Strangely, these facts are rarely mentioned. Instead, attention is devoted almost exclusively to the negatives associated with global warming, above all to the prospect of rising sea levels, which the report projects to be between 7 and 23 inches by the year 2100, a range, incidentally, that by itself does not entail major coastal flooding. (There are, however, projections of a rise in sea levels of 20 feet or more over the course of the remainder of the present millennium.)
Yes, rising sea levels may cause some islands and coastal areas to become submerged under water and require that large numbers of people settle in other areas. Surely, however, the course of a century, let alone a millennium, should provide ample opportunity for this to occur without any necessary loss of life.
Indeed, a very useful project for the UN's panel to undertake in preparation for its next report would be a plan by which the portion of the world not threatened with rising sea levels would accept the people who are so threatened. In other words, instead of responding to global warming with government controls, in the form of limitations on the emission of carbon dioxide and other greenhouse gases, an alternative response would be devised that would be a solution in terms of greater freedom of migration.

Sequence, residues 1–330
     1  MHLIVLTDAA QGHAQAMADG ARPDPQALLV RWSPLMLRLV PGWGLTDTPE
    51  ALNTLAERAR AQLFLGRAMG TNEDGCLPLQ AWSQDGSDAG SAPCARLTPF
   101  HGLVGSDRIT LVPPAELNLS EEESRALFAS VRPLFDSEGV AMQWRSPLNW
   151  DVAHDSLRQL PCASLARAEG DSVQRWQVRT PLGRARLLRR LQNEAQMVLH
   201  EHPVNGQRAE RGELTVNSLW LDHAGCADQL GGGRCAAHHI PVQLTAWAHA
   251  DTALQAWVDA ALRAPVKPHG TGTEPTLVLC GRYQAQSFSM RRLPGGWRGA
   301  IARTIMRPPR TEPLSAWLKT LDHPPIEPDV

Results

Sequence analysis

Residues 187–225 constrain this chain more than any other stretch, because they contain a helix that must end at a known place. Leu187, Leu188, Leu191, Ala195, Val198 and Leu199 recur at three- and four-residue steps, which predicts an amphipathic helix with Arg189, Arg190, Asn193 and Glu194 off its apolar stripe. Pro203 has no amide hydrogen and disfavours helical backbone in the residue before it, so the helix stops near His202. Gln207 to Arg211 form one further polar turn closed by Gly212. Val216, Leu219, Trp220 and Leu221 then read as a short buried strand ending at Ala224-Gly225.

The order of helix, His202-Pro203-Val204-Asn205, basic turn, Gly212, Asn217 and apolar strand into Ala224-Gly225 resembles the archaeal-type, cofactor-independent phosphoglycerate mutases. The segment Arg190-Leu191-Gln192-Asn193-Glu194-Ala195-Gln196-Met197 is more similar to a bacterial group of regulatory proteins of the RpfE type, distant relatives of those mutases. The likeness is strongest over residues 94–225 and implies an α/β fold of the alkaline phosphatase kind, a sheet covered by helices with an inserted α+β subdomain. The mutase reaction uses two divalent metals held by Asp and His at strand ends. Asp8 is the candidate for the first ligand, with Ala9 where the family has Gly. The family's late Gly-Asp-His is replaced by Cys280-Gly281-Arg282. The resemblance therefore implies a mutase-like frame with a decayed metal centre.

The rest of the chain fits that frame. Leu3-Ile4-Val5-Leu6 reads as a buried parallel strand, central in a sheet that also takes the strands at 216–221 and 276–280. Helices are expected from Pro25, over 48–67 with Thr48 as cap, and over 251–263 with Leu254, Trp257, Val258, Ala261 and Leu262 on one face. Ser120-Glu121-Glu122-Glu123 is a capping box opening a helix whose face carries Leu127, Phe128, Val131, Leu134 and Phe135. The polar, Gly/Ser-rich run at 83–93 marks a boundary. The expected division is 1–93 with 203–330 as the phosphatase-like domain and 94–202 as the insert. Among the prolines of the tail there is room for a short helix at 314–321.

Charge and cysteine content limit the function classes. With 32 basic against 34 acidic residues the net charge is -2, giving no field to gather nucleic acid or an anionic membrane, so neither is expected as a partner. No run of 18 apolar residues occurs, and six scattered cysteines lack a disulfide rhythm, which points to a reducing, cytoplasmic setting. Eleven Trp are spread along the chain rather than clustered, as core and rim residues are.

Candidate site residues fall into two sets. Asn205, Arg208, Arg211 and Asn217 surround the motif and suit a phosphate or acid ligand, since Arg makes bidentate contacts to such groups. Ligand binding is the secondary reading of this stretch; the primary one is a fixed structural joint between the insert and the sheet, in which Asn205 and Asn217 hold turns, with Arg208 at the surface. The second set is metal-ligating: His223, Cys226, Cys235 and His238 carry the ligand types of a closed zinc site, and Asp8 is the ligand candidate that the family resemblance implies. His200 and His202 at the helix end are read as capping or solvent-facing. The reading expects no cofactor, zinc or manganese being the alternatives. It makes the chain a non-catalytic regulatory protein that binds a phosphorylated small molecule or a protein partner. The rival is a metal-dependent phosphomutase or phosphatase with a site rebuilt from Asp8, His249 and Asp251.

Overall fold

In addition, the process of adaptation here in the United States would be helped by making all areas determined to be likely victims of coastal flooding in the years ahead ineligible for any form of governmental aid, insurance, or disaster relief after the expiration of a reasonable grace period. That would spur relocation to safer areas in advance of much of any future flooding.
What Depends on Industrial Civilization and Man-Made Power
As the result of industrial civilization, not only do billions more people survive, but in the advanced countries they do so on a level far exceeding that of kings and emperors in all previous ages—on a level that just a few generations ago would have been regarded as possible only in a world of science fiction. With the turn of a key, the push of a pedal, and the touch of a steering wheel, they drive along highways in wondrous machines at seventy miles an hour. With the flick of a switch, they light a room in the middle of darkness. With the touch of a button, they watch events taking place ten thousand miles away. With the touch of a few other buttons, they talk to other people across town or across the world. They even fly through the air at six hundred miles per hour, forty thousand feet up, watching movies and sipping martinis in air-conditioned comfort as they do so. In the United States, most people can have all this, and spacious homes or apartments, carpeted and fully furnished, with indoor plumbing, central heating, air conditioning, refrigerators, freezers, and gas or electric stoves, and also personal libraries of hundreds of books, compact disks, and DVDs; they can have all this, as well as long life and good health—as the result of working forty hours a week.